Finding winner of Nokia vs Apple legal battle could take years; Apple counter-claim expected

Run Windows on Mac OS X with no reboot!“Finding a winner in the battle between Nokia, the world’s largest cellphone maker, and iPhone maker Apple could take years unless they agree on a licensing deal outside the courtroom,” Tarmo Virki reports for Reuters.

“On Oct 22, Nokia accused U.S.-based Apple of hitching a ‘free-ride’ on the Finnish company’s technology investments,” Virki reports. “Nokia filed its suit in the District Court of Delaware, United States, saying Apple had infringed 10 patents in technologies like wireless data transfer… The patents also cover speech coding, security and encryption, and are infringed by all iPhone models shipped since the iPhone was introduced in 2007, Nokia said.”

Virki reports, “The case is expected to last 2-3 years, and analyst estimates for compensation Nokia is seeking range from $200 million to $1 billion.”

“Apple is expected by analysts and lawyers to countersue, in which case the two suits could be merged,” Virki reports. “‘I would not be surprised to see a counter-claim from Apple citing patents it owns that it believes Nokia is infringing,’ said Ben Wood, research director at CCS Insight. ‘This type of tit-for-tat approach has occured in previous patent battles as each player tries to improve its negotiating position.'”

Virki reports, “It is unlikely someone could make a mobile phone without using technologies Nokia has patented, but lawyers said that would not prevent Apple questioning the patents. Apple could ask patent office to invalidate the patents or to review them in the U.S. Patent Office, where interparty re-examination could take 6-7 years. ‘It would definitely cause a ripple in the industry if Apple were to invalidate those patents. Where would it put all the other companies?’ patent lawyer Alton Hornsby from law firm Merchant & Gould said.”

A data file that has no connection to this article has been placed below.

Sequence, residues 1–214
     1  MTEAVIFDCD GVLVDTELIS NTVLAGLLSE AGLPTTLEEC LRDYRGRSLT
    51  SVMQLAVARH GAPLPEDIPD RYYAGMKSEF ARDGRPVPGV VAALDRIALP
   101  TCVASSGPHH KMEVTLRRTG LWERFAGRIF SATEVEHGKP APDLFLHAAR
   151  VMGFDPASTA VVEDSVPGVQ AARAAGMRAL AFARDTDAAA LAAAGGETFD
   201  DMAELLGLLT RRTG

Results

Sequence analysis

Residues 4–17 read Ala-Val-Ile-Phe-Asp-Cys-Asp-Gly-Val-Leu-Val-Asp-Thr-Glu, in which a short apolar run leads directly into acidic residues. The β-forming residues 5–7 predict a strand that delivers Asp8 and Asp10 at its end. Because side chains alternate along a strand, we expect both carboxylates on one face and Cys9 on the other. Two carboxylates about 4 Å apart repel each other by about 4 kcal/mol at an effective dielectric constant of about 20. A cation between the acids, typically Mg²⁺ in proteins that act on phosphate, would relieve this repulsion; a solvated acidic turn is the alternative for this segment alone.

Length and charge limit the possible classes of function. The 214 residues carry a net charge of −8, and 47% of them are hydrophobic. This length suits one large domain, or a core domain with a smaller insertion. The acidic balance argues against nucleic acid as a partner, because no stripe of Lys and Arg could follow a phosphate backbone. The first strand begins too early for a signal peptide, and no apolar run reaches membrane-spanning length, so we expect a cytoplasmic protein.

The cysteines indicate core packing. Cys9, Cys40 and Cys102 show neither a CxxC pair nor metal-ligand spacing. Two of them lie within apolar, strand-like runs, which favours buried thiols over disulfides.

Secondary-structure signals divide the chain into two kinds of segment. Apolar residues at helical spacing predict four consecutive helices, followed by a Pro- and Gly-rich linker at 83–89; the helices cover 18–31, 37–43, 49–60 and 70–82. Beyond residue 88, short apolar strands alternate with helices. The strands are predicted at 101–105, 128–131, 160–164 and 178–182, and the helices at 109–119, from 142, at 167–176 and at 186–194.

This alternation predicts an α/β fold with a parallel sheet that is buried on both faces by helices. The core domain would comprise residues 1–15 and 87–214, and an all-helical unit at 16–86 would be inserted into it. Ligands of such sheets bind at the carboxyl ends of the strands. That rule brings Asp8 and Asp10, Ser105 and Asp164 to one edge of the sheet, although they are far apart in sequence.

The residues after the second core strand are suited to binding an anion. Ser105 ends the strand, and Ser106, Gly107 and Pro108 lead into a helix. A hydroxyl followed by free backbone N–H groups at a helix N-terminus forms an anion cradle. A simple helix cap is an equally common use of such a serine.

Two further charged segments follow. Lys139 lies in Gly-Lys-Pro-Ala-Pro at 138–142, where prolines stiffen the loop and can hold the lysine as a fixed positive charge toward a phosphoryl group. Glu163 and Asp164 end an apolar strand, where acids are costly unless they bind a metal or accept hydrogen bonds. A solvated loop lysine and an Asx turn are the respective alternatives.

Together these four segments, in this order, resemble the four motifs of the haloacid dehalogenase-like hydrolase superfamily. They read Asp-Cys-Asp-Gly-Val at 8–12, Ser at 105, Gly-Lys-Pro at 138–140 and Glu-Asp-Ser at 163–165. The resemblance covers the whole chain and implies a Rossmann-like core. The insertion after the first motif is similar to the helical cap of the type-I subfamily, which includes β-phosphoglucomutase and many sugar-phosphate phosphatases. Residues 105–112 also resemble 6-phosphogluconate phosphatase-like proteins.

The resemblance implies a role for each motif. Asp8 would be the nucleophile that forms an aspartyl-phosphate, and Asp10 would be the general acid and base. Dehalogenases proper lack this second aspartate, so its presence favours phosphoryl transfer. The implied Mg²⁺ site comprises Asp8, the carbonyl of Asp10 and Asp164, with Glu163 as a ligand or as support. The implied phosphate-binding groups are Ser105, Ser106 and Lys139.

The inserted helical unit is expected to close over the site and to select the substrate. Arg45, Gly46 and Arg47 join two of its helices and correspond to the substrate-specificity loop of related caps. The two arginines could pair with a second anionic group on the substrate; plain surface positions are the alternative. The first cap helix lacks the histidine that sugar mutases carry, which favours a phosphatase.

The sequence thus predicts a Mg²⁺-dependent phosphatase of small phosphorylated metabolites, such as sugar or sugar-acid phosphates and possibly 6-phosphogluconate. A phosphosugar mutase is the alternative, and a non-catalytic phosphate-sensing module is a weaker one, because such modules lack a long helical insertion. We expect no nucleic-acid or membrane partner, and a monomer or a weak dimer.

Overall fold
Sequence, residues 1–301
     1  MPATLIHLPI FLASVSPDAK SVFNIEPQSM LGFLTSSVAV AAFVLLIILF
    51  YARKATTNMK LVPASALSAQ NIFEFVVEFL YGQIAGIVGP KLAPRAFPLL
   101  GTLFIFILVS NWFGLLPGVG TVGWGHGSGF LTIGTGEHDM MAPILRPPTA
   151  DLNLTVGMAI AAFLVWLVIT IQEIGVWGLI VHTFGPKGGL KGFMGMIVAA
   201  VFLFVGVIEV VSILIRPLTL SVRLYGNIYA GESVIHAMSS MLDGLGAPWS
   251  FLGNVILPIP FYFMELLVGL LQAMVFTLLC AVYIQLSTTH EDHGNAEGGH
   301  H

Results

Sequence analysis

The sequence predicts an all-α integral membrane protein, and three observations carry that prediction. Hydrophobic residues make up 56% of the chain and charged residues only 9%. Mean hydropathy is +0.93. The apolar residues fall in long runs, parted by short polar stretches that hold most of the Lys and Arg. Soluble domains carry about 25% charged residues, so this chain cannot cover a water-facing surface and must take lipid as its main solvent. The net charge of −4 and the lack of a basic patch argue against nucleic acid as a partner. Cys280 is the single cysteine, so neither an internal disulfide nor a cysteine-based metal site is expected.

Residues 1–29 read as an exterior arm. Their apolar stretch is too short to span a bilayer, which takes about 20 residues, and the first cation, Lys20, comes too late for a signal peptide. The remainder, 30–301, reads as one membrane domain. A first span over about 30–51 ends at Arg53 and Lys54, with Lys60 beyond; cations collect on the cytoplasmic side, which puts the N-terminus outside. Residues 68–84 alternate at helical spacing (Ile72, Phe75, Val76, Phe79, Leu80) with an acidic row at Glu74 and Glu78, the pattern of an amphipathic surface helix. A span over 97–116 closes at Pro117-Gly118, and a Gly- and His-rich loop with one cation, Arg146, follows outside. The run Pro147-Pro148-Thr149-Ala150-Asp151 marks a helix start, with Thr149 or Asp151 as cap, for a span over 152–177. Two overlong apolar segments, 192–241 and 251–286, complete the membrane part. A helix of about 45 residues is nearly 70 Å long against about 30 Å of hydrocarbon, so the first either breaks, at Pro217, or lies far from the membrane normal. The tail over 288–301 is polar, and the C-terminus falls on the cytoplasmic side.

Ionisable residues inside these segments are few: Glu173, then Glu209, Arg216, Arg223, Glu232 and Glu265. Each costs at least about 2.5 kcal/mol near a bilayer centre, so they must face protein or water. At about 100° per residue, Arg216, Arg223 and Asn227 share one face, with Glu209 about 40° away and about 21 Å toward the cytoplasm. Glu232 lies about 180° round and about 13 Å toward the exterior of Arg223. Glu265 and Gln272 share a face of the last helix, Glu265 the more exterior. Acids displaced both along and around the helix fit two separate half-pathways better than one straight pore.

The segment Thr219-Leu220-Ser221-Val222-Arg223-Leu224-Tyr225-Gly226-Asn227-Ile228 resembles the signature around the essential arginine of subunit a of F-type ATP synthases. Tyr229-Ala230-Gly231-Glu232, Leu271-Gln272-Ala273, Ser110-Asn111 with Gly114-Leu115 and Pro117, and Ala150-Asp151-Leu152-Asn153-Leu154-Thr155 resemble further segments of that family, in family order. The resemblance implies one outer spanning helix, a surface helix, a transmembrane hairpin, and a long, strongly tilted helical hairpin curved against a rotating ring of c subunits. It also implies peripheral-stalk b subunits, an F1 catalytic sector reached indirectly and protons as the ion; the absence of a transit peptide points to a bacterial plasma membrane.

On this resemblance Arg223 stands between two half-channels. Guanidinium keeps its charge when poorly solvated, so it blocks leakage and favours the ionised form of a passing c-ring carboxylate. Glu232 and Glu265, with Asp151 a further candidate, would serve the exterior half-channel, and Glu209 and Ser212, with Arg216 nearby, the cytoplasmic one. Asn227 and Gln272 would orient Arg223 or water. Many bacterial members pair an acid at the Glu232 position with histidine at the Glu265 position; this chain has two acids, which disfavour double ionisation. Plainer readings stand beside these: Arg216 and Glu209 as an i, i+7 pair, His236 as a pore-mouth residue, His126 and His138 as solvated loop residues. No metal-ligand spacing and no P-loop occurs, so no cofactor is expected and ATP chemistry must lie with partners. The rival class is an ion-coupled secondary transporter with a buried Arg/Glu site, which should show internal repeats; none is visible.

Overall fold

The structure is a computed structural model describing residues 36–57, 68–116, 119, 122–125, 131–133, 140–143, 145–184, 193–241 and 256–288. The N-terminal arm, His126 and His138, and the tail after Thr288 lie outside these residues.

Virki reports, “Nokia has cross-licensing deals with 40 companies, including all top cellphone makers but Apple.”

Read more in the full article here.


  1. Exactly! Wouldn’t the chip companies that make the cell radio, etc already be paying those licensing fees to Nokia? So, why would Apple pay them again? Apple is, only putting together off-the-shelf hardware components, like it did with the iPod.

  2. Well pickled herrings are of my menu, or is that only Sweden? In which case I would only be hitting Ericsson. Must admit I rather think that this may be an attempt by Nokia to get entry to some iPhone patents re multi touch, don’t think that is likely to happen somehow Nokia.

  3. “We’re the only company that owns the whole widget — the hardware, the software, and the operating system. We can take full responsibility for the user experience. We can do things that the other guy can’t do.”

    – Steve Jobs 2002

  4. I think it’s time for a reality check here..

    Firstly, if somebody infringed Apple’s iPhone patents you would want that party to be on trial ASAP, that’s why its hard to believe that behind these comments there would be any substance, it’s really pure mac fanboyism and maybe a feeling of being hurt when somebody “dares” to sue Apple for patent infringement.

    Nokia is not trying to stop sales of the iPhone and isn’t even asking for money damages beyond interest on past due royalties, it just wants a fair license rate for its patents as would Apple if the situation would be reversed.

    Apple and Nokia have been talking about this issue for a long time already and as stated in the article Nokia has cross-licensing deals with 40 companies, including all top cellphone makers but Apple.

    Nokia has far and away the most patents judged essential to the operation of GSM, UMTS and WiFi, now..the patents involved might not “sound” as sexy as some cool patents regarding iPhones UI and multi-touch, but they have nontheless required lot of time and money for Nokia. If Apple uses these patents, then they should pay for them, no question about it.

    These 10 patents are rock-solid, the ones that simply can’t be avoided by GSM, UMTS, or WiFi devices. Based on probability alone, it’s almost certain that the iPhone infringes at least some of those 10 patents.

    iPhone has been a huge success and it’s almost certain that some cell phone vendor will try to use Apple’s iPhone patents without permission, so Apple will ultimately be a net winner even in the war of patents.

  5. Trying to make Nokia seem like the good guy is nonsense. They dragged their feet and fought Qualcomm all the way when they were infringing on Qcomm’s patents. Turnaround is fairplay.

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